Appearing in Court

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When you show up in court, be sure that you are well organized. Bring all the letters you have written or received about your car problem, any written warranty, photographs if they are helpful, and your used parts if they aid in making your case. If you have a witness to oral statements made by the garage, be sure to bring that person with you to court. Or if that's impossible, ask the person to write a letter explaining what he or she heard. Also, be sure to present any letter(s) written by an independent expert(s) who has arranged to examine your car. Even one cogent letter from an experienced mechanic, explaining how the repair job was botched, when combined with your own informed presentation, can make you a winner.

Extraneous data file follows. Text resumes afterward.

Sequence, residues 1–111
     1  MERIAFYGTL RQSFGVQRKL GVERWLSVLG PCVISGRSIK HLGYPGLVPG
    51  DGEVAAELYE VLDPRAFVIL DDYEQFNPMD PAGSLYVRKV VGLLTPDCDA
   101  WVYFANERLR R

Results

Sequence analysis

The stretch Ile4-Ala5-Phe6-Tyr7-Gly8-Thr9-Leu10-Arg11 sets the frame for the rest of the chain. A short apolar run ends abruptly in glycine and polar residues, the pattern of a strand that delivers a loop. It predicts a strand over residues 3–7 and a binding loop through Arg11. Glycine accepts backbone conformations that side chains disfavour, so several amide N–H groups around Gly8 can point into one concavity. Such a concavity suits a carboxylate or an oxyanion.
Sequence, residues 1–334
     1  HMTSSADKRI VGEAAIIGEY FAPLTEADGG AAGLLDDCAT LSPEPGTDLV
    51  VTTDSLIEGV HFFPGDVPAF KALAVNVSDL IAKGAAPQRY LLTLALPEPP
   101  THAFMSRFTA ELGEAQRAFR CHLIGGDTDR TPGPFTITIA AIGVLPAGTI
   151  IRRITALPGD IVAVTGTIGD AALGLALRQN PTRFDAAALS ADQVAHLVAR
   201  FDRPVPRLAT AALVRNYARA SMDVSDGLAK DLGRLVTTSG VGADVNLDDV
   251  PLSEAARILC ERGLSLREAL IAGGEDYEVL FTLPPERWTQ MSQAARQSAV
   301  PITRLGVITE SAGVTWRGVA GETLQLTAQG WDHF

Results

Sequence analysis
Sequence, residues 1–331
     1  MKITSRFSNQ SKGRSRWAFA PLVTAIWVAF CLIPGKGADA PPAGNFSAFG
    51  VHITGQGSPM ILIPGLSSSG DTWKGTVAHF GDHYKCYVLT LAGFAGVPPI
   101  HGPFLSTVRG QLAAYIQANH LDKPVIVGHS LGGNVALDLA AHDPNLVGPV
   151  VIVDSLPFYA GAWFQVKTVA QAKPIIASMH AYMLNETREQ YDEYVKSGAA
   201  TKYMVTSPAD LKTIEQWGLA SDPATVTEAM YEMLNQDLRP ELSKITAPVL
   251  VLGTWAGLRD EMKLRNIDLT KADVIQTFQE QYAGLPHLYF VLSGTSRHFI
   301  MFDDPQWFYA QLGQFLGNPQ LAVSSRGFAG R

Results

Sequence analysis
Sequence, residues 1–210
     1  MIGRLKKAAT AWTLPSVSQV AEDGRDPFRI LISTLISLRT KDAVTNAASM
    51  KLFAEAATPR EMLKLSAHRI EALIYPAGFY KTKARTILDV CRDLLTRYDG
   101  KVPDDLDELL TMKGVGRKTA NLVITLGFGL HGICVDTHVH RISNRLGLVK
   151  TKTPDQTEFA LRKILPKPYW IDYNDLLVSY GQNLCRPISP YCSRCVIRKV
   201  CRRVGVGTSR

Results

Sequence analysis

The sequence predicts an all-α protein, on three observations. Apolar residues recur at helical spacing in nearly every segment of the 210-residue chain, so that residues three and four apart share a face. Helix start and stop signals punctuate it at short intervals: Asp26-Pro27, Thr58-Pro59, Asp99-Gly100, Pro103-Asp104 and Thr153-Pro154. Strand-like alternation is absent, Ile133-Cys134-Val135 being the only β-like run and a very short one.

If you are well prepared you should win the sort of case outlined here without difficulty. Judges drive cars and have to get them fixed; they tend to be sympathetic with this type of consumer complaint. Simply present your story (see Chapter 15), your documentation, and your witnesses. If you feel that your opponent is snowing the judge with a lot of technical lingo, get things back on track by asking that all jargon be explained in ordinary English. This will be a relief to everyone in the courtroom except your opponent.

A good drawing can help. In cases involving machinery, people can give effective testimony by presenting a large drawing illustrating the mistake or problem. This approach is most effective when your expert appears in court and authoritatively points to the drawing to detail the problem.

by: Ralph Warner

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